And the shortage of equipment in the Guard? That stems from a willful decision on the part of military planners, with what had to be the knowing consent of State Governors and State Guard officials. As each Guard unit prepared to redeploy from Iraq back to the States, deployment officials and the unit commanders involved would determine which equipment would remain in country for the replacing unit to fall in on, and which equipment could go home. Factory armored HUMVEES stayed, as did many kit up-armored trucks. Many more items, not wanted by gaining units, were redirected from staging areas in Kuwait as unit equipment awaited transport back to the US.

In our case, I think we got our non-up-armored vehicles back (those we only used for on-the-FOB transport) and maybe a couple of Duece-and-a-halfs.

As a Senior Enlisted soldier, not in Army Logistics, I am not privy to the agreements and understandings that are reached between Big Army and State Guard authorities when it comes to Logistics. But several (most) of our best mechanics worked in Central Issue Facility (CIF) or MATES (I forget the expansion) back home, and I’m quite certain the understanding was, we’d get all new equipment after we got home. That’s how all of us understood the why of giving up equipment we knew we’d need. We’d get all new, the latest and greatest. This seemed an improvement over what has historically been a chronic lag of modernization, between Active Duty and Guard unit equipment issue.

Well, time to pay the piper. You’d think that the costs of replenishing the Guard equipment for generously left behind in Iraq – and in some cases handed over to the Iraqis – would have been figured in to ongoing military appropriations for the already significant costs of our efforts in Iraq.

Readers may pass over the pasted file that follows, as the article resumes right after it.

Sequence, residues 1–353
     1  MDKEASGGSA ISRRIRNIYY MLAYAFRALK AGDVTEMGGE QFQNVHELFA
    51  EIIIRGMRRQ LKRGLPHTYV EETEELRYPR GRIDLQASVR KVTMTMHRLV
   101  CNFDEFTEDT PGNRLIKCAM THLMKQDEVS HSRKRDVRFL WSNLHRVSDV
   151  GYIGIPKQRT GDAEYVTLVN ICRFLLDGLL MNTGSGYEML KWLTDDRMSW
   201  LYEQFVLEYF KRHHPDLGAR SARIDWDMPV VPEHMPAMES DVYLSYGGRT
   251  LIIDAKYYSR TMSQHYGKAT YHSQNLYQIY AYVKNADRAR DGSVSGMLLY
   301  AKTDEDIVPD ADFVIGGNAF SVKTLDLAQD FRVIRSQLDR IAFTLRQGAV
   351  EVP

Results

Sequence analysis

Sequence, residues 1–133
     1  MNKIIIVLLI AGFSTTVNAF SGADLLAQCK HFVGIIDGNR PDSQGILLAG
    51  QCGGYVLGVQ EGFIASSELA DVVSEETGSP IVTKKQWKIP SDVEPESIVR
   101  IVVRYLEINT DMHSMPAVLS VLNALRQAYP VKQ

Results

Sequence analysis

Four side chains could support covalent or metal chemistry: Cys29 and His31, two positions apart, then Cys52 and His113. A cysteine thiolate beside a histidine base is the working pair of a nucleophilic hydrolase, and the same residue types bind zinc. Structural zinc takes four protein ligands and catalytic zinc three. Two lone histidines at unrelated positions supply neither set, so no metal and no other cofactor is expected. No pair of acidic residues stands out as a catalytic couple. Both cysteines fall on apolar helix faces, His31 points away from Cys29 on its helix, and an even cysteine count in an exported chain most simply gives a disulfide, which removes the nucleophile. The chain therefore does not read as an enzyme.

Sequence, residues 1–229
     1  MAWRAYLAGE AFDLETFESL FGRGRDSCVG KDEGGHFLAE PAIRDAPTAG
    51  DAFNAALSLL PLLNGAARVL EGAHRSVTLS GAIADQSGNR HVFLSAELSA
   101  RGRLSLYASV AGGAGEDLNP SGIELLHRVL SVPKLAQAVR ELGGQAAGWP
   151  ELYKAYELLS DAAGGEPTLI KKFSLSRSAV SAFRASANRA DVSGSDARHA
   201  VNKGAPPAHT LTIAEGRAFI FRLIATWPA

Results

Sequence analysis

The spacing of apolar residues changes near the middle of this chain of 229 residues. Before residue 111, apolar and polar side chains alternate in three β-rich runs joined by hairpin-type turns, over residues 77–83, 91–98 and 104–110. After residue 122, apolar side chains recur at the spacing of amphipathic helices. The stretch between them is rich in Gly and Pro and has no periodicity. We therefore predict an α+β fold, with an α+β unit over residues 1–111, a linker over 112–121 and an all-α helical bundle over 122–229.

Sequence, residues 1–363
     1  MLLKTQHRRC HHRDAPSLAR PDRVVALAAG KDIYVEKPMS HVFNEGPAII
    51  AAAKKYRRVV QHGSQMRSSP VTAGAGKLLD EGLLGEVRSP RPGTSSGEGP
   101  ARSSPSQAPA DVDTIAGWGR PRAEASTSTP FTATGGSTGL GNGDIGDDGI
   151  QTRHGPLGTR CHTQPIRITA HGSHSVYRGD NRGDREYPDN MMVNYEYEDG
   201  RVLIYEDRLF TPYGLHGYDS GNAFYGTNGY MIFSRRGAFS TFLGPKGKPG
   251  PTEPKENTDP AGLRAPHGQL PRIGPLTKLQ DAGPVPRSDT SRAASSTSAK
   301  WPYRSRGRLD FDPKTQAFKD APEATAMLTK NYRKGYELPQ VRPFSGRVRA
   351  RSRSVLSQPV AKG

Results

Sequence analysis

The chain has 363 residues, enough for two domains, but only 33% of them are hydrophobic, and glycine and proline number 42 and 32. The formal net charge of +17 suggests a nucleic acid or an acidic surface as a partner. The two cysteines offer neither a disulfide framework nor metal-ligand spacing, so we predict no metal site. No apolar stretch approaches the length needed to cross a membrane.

But I think that’s what LGEN Blum’s effort now is all about. How bad? Here’s more from LGEN Blum, as reported at Military.com:

Lt. Gen. Blum said the problem has reached epidemic levels, particularly in the Army. Most of the units in the Army and Air National Guard are underequipped for the jobs and the missions they have to perform with no notice here at home," he said. "Can we do the job? Yes, we can. But the lack of equipment makes it take longer to do that job, and lost time translates into lost lives, and those lost lives are American lives."

He urged Congress to address these shortfalls, noting the defense bargain the National Guard represents. The Army Guard makes up almost 40 percent of the Army's combat, combat support and combat service support structure, but costs just 11 percent of the Army's budget, he said. Similarly, the Air Guard provides more than one-third of the Air Force capability, at just 6 percent of the Air Force's budget.

"Plus, your Army and Air National Guard are the only Department of Defense forces that can be called upon by the governors with no notice to do what is necessary right here in the zip codes where your constituents reside," he said.

That’s the most important reason for honoring the Federal commitment to the Guard, at a time when the Guard has been called to make extraordinary sacrifice in the fight against terrorists [not to be called the Global War on Terror].

There’s a way you can help.

Military.com offers an easy-to-use Legislative Center, where you can send a letter to your Senators and Representatives.

It’s long past time we move to a more proactive than reactive stance in response to long-term (generational) national security challenges. Having a fully equipped (and modernized) Guard seems a prerequisite.